In terms of interpreting it when reading, perhaps so, though it FACTUALLY is more verbose. Also, it's more verbose when you're writing code! You have to type more. It's obvious really. –  Wim Hollebrandse Nov 1 '09 at 1:40
@CallumRogers: Now consider 5 levels of nesting and the famous } } } } }, would it be more easier to read than End If, End While, ... End Sub? –  Neolisk Jan 25 '14 at 22:27
@Neolisk: If you are writing } } } } } and not using indentation you are doing something wrong :p –  Callum Rogers Jan 26 '14 at 14:39

If StackOverlow is anything to go by the following might help:

  • Questions tagged "c#" 45839
  • Questions tagged "vb.net" 4839

So there are way more C# questions asked/answered.

Interestingly enough there are only 25491 questions tagged ".NET", less than C#?

share|improve this answer
Hmmm... Does this mean that people are having 10x more trouble with C#... :p –  Arjan Einbu Oct 31 '09 at 10:58
No I read it to mean that C# topics/discussions are more active because more people are using it, but thats only a guess. –  Matt Warren Oct 31 '09 at 11:26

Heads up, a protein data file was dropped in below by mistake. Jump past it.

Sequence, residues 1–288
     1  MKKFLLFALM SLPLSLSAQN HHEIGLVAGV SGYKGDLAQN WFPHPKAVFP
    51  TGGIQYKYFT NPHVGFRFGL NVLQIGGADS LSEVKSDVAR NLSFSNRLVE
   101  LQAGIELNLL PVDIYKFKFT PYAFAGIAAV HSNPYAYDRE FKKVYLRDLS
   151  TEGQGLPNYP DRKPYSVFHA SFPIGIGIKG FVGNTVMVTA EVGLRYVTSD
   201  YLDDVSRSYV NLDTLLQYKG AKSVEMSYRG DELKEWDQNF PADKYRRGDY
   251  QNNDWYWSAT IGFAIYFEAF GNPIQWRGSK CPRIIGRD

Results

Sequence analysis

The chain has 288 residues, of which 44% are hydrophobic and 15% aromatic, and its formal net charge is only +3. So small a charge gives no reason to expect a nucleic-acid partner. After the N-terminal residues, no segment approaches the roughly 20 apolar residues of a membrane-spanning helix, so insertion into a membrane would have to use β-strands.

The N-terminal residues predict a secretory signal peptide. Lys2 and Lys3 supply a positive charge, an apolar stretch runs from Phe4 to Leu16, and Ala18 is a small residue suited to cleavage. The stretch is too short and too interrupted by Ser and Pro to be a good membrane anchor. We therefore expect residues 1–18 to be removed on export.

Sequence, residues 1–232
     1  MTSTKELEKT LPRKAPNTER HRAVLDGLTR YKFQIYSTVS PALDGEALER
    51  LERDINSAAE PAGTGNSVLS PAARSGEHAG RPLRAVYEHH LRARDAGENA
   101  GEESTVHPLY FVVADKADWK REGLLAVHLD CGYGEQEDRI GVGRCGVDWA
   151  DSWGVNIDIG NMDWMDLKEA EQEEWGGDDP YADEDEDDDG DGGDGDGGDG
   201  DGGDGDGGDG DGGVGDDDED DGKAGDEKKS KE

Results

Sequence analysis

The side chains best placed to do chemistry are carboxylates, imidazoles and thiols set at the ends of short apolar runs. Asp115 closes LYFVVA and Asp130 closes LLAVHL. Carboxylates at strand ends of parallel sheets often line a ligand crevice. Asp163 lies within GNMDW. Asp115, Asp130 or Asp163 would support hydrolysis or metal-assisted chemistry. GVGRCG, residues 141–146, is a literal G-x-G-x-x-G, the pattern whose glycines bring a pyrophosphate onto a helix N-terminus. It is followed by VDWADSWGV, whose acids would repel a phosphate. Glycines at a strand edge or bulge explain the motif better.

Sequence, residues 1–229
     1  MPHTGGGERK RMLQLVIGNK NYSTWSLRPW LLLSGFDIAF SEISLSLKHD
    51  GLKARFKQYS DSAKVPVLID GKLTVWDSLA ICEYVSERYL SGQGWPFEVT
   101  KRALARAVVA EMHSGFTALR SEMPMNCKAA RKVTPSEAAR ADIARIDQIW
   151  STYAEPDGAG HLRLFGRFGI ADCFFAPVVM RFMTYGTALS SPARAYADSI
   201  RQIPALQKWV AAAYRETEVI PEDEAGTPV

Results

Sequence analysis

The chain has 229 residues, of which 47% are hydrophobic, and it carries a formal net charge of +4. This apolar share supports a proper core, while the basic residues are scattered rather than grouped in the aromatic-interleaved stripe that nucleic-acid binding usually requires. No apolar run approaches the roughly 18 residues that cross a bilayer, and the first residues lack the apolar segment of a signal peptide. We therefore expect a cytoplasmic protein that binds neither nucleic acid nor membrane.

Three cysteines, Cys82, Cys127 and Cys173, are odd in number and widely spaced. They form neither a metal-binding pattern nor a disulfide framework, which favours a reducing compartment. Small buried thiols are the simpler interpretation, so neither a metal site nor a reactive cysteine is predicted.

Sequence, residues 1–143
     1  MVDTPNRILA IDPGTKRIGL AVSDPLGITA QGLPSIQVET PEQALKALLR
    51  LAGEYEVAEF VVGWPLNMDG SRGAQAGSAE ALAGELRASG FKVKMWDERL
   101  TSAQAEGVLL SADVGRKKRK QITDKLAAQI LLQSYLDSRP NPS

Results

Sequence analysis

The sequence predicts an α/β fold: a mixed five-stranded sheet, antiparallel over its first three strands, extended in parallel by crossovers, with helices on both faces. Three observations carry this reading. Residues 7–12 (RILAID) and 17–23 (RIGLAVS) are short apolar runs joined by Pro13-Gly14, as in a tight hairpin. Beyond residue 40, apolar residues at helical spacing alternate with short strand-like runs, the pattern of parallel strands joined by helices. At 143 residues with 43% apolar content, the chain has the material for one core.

Unfortunately, StackOverflow sucks as a platform for VB-related questions. Just look at the non-existence of syntax highlighting. That’s just unwelcoming. –  Konrad Rudolph Oct 31 '09 at 22:24
because C# OMG bugs , and VB no bugs! –  Minh Mar 12 '14 at 4:51
these claims that C# needs more help are unjustified. it's a cry against C# for those who prefer VB. plain and simple. why? because job postings show the popularity of C# to be about the same as the 10 to 1 posts on the internet that show C# has about 10 times as much activity. and i personally think VB has more dangers to be aware of than C#. i've used both languages since MS released them, but i admit much less VB use, since i use C# when i have a choice, i recommend C#, and i have good reasons why. but some do prefer VB, and when i do those projects, i use VB, of course. so 'bugs'... ha! –  Shawn Kovac May 5 '14 at 16:01